Detroit Casinos to Fall Short on Revenues Despite Reopening

The city of Detroit, like many others in the US, relies on casino revenues. There are three commercial casinos that operate in Detroit, all of which have been shut down since March due to the coronavirus outbreak. The casinos produce wagering taxes which is the third largest revenue source for the city. In 2019, the casinos brought in almost $118 million in taxes and Detroit was given an additional $184 million+ in payments. With the casinos shut down for months and reopening this week at 15% capacity, the loss of revenues continues to be an issue.

Reopening This Week

After being shut down for almost five months, casinos in Detroit can reopen this Wednesday. Governor Gretchen Whitmer gave the go-ahead, though facilities have to meet certain requirements before they will be allowed to offer services.

The casinos will be limited to 15% capacity which is much lower than other states in the US. In Las Vegas, casinos are allowed to open at 50% capacity. In New Jersey, they are at a middle ground between Las Vegas and Detroit, at 25%.

Detroit seems to have the strictest capacity requirements in the nation. The food buffets will be closed at all casinos and slot games will not be operational to provide enough space for social distancing. There will also be plexiglass barriers in place for table game play.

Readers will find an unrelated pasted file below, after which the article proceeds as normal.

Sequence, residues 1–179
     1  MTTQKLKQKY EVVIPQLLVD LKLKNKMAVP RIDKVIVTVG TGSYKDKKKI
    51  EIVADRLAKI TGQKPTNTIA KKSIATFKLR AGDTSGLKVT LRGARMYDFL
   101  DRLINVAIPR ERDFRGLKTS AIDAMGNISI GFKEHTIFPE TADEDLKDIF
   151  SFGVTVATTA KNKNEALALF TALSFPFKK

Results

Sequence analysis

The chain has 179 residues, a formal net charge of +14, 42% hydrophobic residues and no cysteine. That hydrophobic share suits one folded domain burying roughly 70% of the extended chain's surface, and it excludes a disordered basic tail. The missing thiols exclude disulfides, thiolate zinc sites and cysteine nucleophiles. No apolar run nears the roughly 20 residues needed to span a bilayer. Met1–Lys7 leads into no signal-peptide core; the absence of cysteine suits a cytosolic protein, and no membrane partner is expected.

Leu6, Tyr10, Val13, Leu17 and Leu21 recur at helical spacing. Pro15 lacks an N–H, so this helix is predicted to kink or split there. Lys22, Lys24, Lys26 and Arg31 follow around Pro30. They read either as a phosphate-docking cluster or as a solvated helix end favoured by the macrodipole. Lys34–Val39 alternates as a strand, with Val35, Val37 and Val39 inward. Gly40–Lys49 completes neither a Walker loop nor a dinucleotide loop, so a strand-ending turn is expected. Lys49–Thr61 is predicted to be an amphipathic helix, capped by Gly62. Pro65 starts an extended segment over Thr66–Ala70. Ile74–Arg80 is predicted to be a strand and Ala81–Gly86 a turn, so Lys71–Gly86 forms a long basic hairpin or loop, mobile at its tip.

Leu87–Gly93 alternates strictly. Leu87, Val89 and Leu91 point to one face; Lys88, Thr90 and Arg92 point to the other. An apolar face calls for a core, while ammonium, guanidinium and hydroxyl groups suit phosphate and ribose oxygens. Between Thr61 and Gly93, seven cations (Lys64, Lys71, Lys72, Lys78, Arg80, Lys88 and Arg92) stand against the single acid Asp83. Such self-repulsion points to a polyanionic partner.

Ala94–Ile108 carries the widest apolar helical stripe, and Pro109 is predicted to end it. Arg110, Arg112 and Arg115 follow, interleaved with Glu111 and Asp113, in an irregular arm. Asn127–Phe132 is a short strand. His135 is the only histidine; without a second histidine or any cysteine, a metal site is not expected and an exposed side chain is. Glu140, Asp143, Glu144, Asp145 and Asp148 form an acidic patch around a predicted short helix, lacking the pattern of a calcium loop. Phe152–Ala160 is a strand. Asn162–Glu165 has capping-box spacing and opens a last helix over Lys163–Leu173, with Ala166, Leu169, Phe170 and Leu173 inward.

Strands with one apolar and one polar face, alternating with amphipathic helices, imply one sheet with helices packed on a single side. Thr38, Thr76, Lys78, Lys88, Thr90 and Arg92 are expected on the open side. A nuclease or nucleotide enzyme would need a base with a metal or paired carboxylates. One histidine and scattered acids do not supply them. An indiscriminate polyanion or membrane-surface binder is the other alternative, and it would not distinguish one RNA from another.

Impossible to Generate Substantial Revenues

Analysts have looked at Detroit’s reopening process and considered how the city can get back on track with revenue earnings. Calderone Advisory Group’s Alex Calderone commented that unless everyone who visits plays and loses 5-6x more than they normally would, it is basically impossible to generate revenues similar to what was earned before.

Employees were quite surprised to see the casinos get the go-ahead from the governor to reopen. Many felt that the increase in cases as well as considering the fact that gyms and movie theaters are still closed.

However, analysts like Calderone expected it as tribal casinos in the state were able to reopen without issue. Analysts also pointed out the loss of revenues as a problem. City and state both rely on casino gaming revenues, so as long as these businesses are shut down, the money is not coming in, which means less money for budgets and programs, etc.

In Detroit, for the first six months of 2020, the city earned just over $35 million in wagering taxes. This is less than half of the $87.5 million that was earned in 2019 for the same time period. Until the capacity limit is extended, the city, state and employees of the casinos will continue to feel the strain, along with the operators.

For now, each of the casinos are gearing up to get back to work. Greektown Casino is bringing back 50% of its employees as is MotorCity Casino. For MGM Grand Detroit, the casino will bring back just over 40% of its staff members.

Employees have mixed emotions about coming back. Some are ready to get back to work while others are worried that they will be at risk of the virus by being around more people.


Rebecca lives in Las Vegas and after completing her degree at Reynolds Journalism school joined the USGS team to pursue her journalism dreams.